Along with game theory, the emerging science of networks has given us a framework for analyzing social systems plausible to both intuition and implementation. As an interaction structure in computer simulation models, social networks provide a way to envision phenomena like information spread, dialect formation, and language change in a more robust way. In this sense a multitude of sociolinguistic issues are potential 'objects of study' for a) being delineated with methods from game theory and/or network theory and b) being analyzed by simulations of multi-agent interactions, with the goal of exploring the interplay between social factors and linguistic usage. In this sense we i) consider network structure as an important social variable; ii) depict the usage of computer simulations as an appropriate, valid, and powerful technique to analyze sociolinguistic issues; and iii) put a premium on game theory as a method for adequately modeling communicative behavior, with the conclusion that network theory & game theory in simulation models represents a powerful combination for the analysis of sociolinguistic phenomena. This makes it a crucial supplement towards enhancing current sociolinguistic experimentation and theories.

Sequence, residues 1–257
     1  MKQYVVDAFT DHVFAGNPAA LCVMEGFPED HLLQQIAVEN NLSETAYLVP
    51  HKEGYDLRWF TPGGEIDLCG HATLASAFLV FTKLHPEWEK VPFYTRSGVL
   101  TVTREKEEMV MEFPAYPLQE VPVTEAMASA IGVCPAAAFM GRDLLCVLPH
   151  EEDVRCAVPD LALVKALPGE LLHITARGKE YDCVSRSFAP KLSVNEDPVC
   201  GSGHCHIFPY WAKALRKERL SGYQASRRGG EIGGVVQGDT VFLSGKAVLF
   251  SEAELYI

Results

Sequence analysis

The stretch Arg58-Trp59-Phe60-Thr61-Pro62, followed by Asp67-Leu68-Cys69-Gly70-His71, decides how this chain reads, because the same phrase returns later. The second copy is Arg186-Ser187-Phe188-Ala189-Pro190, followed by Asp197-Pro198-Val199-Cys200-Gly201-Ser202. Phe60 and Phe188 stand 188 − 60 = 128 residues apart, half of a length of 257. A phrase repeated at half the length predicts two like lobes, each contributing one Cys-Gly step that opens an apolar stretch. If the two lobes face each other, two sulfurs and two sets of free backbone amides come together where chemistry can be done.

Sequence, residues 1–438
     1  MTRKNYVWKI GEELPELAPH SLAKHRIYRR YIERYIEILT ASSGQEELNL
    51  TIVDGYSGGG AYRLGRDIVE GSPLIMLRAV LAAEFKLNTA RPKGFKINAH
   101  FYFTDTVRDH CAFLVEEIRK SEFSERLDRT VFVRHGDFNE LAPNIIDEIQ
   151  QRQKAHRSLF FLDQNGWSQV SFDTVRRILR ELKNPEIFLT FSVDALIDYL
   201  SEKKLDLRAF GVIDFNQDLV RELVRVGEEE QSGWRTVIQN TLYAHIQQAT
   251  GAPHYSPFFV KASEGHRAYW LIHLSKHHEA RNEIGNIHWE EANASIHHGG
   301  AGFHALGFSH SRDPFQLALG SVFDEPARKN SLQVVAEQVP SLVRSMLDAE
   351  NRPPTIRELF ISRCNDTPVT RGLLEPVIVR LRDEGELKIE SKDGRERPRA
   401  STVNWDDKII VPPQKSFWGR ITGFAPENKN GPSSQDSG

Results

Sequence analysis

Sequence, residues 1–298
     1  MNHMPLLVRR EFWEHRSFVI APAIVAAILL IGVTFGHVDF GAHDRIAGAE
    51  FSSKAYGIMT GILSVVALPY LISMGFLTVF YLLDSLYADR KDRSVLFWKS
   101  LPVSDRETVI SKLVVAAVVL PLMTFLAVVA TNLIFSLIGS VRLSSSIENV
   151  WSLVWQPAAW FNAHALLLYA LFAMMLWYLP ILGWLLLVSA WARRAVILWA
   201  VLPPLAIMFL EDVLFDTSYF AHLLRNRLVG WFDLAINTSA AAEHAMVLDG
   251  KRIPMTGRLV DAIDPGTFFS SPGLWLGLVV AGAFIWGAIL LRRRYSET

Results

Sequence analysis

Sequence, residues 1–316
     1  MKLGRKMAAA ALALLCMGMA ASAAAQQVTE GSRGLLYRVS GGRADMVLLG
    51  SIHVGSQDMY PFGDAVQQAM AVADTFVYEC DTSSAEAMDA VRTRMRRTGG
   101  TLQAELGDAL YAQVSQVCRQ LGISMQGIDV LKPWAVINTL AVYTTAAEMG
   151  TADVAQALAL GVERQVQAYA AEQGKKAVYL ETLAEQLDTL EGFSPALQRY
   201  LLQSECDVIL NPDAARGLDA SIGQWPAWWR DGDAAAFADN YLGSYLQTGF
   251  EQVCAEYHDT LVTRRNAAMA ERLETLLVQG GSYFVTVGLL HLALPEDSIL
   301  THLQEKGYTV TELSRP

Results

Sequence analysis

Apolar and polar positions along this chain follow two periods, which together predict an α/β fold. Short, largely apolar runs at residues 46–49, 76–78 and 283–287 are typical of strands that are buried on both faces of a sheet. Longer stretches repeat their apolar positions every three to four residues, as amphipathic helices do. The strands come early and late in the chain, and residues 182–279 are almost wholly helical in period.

Mühlenbernd, Roland and Quinley, Jason
"Signaling and Simulations in Sociolinguistics,"
University of Pennsylvania Working Papers in Linguistics:
1, Article 16.
Available at: http://repository.upenn.edu/pwpl/vol19/iss1/16